Baldwin Surrounded by various art projects ranging from award-winning ceramic pieces to shoes made by her students out of masking tape, Inge Balch chatted on the phone with a student concerned about an assignment.
"You think it'll be stupid," she said. "Do it anyway and bring it in. We'll see if it's stupid."
She hung up with a sigh. The Baker University art professor thrives on innovative artwork and she tries to teach her students the value of going out on a limb with their art.
"They've all been brought up in front of the TV," she said. "They've been taught to do what the neighbor does. If they're just willing to go the extra mile and take a chance, I'll be right there with them.
"I give better grades to students who take chances and do something innovative."
That's not to say she isn't proud of her students' accomplishments. Giving a tour of Bennett Art Building, Balch points out a number of pieces that demonstrate true creative effort.
"I LEARN as much from my students as they learn from me," she said. "I really enjoy that aspect of teaching."
Growing up in Denmark, Balch had little choice but to develop a love of art.
"I think when you come from Europe, you're interested in art from day one because you're so exposed to it," she said. "Everywhere you look, there's a statue here or a painting there."
She came to the United States after finishing school and worked as a maid and nanny for a family in Connecticut. She later set out across the country, planning to seek work in San Francisco.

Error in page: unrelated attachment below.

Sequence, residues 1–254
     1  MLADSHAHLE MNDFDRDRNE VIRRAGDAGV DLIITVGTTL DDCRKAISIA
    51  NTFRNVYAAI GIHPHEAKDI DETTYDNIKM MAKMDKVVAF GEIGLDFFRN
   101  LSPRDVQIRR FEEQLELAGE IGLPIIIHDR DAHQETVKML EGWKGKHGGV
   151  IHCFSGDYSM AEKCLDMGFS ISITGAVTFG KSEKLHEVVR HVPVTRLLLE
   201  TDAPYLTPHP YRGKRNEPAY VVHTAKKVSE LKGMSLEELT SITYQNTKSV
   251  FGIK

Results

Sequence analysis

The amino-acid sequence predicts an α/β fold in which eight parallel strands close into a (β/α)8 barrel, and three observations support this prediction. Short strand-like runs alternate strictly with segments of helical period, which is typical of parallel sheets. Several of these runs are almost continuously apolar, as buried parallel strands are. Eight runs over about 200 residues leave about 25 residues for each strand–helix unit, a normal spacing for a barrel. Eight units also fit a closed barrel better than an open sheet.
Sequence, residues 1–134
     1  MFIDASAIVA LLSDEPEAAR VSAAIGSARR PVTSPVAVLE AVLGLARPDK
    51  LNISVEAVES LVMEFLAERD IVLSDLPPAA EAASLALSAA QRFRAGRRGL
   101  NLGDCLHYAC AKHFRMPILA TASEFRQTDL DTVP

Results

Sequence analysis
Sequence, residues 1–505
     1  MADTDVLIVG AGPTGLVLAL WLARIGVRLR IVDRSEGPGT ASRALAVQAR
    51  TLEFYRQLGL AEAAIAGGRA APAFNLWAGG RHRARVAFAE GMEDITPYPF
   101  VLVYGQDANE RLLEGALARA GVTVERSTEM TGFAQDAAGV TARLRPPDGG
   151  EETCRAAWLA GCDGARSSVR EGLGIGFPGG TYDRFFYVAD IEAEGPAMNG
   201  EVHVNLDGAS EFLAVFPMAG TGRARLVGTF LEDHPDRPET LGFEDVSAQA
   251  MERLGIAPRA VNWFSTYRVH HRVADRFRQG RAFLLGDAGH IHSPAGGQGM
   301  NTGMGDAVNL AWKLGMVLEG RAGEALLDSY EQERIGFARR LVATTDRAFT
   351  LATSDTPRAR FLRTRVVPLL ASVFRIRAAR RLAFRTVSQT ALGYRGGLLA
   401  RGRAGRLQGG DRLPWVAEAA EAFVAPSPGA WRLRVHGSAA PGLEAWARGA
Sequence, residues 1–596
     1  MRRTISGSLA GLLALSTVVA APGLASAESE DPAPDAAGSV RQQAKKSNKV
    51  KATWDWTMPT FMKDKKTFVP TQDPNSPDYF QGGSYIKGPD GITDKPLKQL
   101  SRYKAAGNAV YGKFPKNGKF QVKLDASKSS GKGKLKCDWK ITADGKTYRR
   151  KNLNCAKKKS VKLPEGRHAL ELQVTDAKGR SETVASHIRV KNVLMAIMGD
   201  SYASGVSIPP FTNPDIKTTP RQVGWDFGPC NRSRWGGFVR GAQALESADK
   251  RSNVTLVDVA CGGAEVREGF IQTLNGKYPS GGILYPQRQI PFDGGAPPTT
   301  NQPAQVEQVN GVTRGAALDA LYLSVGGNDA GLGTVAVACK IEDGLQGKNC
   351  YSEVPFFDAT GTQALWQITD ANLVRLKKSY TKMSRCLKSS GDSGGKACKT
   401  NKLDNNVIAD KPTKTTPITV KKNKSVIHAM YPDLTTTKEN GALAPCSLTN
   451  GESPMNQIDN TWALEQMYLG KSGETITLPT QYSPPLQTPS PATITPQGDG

However, she stopped in Washington, Kan., to visit some family friends, accepted a job and never did make it to California. She worked for a newspaper during the day and fried hamburgers at night in a bowling alley, where she eventually met her husband, Don Balch. They were married in 1968, and lived on a farm until 1983, when they and their four children moved to the Vinland area.
BALCH, 46, received a bachelor's degree in ceramics from Kansas State University, and a master's degree in ceramics from Kansas University. She was a lecturer at KU for awhile and now is in her third year as a professor at Baker, teaching ceramics, visual design, sculpture, art education and art history.
Art lovers throughout the country can enjoy Balch's work. A juried national show in Phoenix, which featured three of her ceramic pieces, wrapped up just last week. She also sends her work to the Media Gallery in Garnett and to two galleries in California.
Her ceramic sculpture, "OPEC Slick," won a first place award in a recent Lawrence Art Guild juried competition.
"It was a nice surprise to win it and even a nicer surprise to have someone buy it," Balch said.
BALCH, WHO considers herself an environmentalist, said she frequently draws ideas for sculptures from nature and felt compelled to design a piece that would comment on the horrors of oil spills in the world's oceans.
"I prefer to work with things that make me smile, but I was so ticked off about them ruining the waters," she said. "I think I will probably continue to put these world views into my work."